By Tom Blake
After a 10-day trip to Ireland, and a 20-day round-trip cruise from Amsterdam to Iceland, Greenland, and Scotland, my partner, Greta, and I are home in Dana Point.
The cruise was aboard the MS Rotterdam, a Holland America ship, with 1,400 passengers and a crew of more than 600. The ship logged 5,125 nautical miles.
In our travels, we are always surprised at the small-world events that occur.
On the second morning at sea, while having breakfast, I heard a woman who was standing at my table say, “Tom.” She smiled and said: “I’m Marilou Heckman, from Dana Point.” I was surprised.
Marilou explained that friends of hers had read in my column in this newspaper that Greta and I would be on the Rotterdam.
Later in the day, Marilou introduced us to her traveling companion, Pat Moch, also from Dana Point. Simply amazing: four of us from Dana Point on the ship among passengers from multiple countries around the globe.
Greta and I saw Marilou and Pat often around the ship and enjoyed lunch and dinner together. We were “The Dana Point Four.”
The ship stopped in seven ports in Iceland and Greenland. The names were tongue twisters.
The Iceland ports: Eskifjordur (population 1,043); Akureyri (18,400); Isafjordur (2,571); and Reykjavik (125,000). In each Icelandic port, the ship was able to dock at a pier, so we could easily walk ashore. The population of Iceland is 340,000.
In the first two Iceland cities, Greta and I rode complimentary city buses; we were able to get a good feel for the people, shops, homes, history, castles and churches. We walked often, getting our exercise in.
The Rotterdam crossed the Arctic Circle twice. And yet, due to warm-ocean currents, the temperature was usually in the 50s.
The ship stayed in Reykjavik overnight, so passengers had two days to explore there. On Day 1, Greta and I took a bus to the Blue Lagoon, the largest outdoor mineral spa in Iceland, 30 miles outside of the city. Reservations were required at this popular attraction.
An entry fee gets you a towel, locker, shower access (shower required before entering the 95-degree water) and a wristband that secures your locker and keeps track of beverages or food consumed at the bar located in the lagoon.
Underground geothermal water is a blessing in Reykjavik, where 90% of the homes are heated with it, as well as most office buildings and hotels.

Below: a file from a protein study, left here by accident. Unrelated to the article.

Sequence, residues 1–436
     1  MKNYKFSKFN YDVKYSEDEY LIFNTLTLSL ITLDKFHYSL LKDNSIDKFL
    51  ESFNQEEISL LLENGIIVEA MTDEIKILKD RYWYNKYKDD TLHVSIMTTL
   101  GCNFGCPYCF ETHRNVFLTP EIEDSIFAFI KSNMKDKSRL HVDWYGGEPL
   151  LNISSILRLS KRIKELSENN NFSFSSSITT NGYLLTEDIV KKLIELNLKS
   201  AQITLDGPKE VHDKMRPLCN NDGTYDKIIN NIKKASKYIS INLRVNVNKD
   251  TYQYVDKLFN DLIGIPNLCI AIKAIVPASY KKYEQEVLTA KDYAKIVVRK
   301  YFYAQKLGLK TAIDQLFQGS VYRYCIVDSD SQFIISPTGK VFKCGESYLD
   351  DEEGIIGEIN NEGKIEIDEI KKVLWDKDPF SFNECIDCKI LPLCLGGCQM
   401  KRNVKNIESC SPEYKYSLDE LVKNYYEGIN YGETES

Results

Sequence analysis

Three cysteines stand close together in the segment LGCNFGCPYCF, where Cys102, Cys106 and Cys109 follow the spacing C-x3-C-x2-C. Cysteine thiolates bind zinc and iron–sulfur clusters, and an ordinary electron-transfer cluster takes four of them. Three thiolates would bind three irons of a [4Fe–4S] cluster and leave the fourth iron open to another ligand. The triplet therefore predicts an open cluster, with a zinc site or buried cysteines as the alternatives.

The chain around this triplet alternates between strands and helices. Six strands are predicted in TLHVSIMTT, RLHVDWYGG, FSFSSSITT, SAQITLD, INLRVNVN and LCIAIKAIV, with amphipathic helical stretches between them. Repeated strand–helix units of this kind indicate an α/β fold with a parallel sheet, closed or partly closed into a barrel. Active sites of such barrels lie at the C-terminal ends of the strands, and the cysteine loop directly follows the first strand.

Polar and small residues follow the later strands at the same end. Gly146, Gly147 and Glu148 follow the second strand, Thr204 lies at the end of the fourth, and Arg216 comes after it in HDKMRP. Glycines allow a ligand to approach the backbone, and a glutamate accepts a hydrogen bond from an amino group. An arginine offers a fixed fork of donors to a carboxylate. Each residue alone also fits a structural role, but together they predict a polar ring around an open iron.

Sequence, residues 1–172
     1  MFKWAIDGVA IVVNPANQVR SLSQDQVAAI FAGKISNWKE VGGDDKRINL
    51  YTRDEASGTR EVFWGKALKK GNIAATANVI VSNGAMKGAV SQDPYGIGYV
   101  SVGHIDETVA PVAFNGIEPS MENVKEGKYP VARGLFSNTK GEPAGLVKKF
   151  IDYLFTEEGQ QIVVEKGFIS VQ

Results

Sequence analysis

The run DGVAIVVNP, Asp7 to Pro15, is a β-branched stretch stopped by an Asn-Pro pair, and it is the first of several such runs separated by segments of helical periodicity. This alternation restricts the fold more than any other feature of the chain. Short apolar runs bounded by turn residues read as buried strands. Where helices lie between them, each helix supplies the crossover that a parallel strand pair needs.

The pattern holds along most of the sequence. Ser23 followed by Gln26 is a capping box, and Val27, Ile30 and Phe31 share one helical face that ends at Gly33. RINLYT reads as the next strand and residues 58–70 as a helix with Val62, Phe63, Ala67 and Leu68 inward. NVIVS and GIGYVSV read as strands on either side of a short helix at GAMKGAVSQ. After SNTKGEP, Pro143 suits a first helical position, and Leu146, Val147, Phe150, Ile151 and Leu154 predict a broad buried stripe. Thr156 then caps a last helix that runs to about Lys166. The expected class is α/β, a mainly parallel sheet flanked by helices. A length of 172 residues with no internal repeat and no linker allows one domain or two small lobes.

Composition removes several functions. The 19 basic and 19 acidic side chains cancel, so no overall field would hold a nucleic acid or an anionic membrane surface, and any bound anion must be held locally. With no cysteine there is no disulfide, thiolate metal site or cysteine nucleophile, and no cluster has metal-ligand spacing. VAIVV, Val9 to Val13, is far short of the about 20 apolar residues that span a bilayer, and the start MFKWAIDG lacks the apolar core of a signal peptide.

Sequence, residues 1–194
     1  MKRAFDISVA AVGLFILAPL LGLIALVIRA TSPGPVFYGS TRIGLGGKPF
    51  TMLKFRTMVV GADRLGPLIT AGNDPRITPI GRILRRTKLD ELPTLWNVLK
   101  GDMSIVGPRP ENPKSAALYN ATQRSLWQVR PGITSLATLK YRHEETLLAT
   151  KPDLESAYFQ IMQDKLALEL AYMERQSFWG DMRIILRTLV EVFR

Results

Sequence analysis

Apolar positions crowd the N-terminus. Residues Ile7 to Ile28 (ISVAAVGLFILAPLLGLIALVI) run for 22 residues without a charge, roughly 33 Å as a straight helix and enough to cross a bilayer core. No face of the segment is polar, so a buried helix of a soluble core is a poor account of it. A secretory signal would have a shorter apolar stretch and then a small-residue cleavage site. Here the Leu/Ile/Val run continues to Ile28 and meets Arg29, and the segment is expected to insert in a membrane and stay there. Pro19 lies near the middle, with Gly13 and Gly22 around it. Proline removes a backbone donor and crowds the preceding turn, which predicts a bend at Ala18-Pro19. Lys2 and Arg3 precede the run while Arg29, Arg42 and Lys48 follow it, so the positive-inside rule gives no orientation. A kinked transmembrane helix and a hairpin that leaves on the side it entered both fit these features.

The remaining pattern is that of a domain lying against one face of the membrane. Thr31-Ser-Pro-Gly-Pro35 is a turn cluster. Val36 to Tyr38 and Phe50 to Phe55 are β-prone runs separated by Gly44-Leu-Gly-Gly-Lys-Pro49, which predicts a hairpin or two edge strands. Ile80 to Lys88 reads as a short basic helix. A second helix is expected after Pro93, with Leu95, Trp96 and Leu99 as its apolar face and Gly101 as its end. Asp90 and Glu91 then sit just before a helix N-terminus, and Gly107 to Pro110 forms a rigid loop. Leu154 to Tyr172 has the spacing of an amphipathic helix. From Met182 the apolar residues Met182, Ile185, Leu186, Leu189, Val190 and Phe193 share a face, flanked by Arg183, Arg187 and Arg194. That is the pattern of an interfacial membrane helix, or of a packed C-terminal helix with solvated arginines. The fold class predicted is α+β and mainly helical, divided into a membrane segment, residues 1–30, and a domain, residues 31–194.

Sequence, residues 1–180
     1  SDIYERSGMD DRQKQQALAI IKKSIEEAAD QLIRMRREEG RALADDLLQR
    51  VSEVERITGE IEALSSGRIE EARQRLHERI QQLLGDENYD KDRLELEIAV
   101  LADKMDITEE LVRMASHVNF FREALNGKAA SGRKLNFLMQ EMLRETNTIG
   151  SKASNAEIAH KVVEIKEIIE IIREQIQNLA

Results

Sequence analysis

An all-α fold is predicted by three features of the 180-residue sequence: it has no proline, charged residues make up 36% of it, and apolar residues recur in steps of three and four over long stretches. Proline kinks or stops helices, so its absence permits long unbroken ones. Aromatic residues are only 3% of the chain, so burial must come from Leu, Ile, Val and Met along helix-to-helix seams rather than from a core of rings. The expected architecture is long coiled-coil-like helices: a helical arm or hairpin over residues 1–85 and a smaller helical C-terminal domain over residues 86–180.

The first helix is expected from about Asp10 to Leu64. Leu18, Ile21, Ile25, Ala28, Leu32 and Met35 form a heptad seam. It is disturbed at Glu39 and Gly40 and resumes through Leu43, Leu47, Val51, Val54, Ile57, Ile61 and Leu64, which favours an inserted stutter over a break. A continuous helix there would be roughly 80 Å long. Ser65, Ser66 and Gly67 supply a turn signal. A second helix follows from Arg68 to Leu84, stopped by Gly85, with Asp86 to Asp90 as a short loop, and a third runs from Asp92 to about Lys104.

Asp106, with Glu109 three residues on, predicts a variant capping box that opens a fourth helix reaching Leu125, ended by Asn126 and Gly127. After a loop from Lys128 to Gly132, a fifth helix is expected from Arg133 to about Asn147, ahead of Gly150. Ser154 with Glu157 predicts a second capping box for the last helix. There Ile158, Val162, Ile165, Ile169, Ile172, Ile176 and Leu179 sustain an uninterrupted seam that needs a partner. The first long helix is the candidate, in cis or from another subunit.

Greenland (population 57,000) is the largest island in the world that is not a continent. An ice cap covers 80% of the country. It’s located between the Arctic and Atlantic Oceans. While it’s part of the North American continent, it’s an autonomous country of the Kingdom of Denmark.
Most residents are Inuit, who migrated from Alaska, across Canada, to settle there.
Before stopping at Greenland ports, the ship spent a day cruising Greenland’s Prince Christian Sound, a breathtaking 60-mile long fjord.
That day, Greta and I saw Marilou and Pat on the stern pool deck, sitting in deck chairs, relishing the views of the fjord—jagged peaks, patches of snow, glaciers, small waterfalls and small icebergs floating by.
Our first Greenland port: Qaqortoq (population 3,000). The ship’s tour guide said, “Every home in this city has a million-dollar view.” We were lucky that day: blue skies, 55 degrees, and calm seas, enabling a smooth tender boat operation.
Out of curiosity, we checked prices at a local food market. A bottle of 7 Deadly Zins Zinfandel, which costs $12-15 in the States, was $50.
Greenland port #2: Paamuit (population 1,400). Inuit residents were selling hand-made carvings on a card table. A woman from Berkeley, California, purchased a small carving made from reindeer antlers. She paid $250 USA. As she counted out the money, the seller’s friends cheered.
Greenland port #3: Nanortalik (population 1,500). When we came ashore, a man was playing his guitar singing in his native language, “The Sloop John B,” a song made popular by The Beach Boys in 1964. I sang along briefly with him in English and tipped him.
Weather cooperated. We were able to go ashore in all seven ports, which rarely happens, the ship’s cruise director told us.
Tom Blake is a retired Dana Point business owner and San Clemente resident who has authored books on middle-aged dating. See his website at www.findingloveafter50.com. To comment: firstname.lastname@example.org
Meet and Greet: The next Senior Singles Meet and Greet will be at Tutor & Spunky’s Deli, 34085 PCH, Dana Point, on Thursday, September 26, from 5-7 p.m. No admission fee; complimentary appetizers. Beer and wine $5.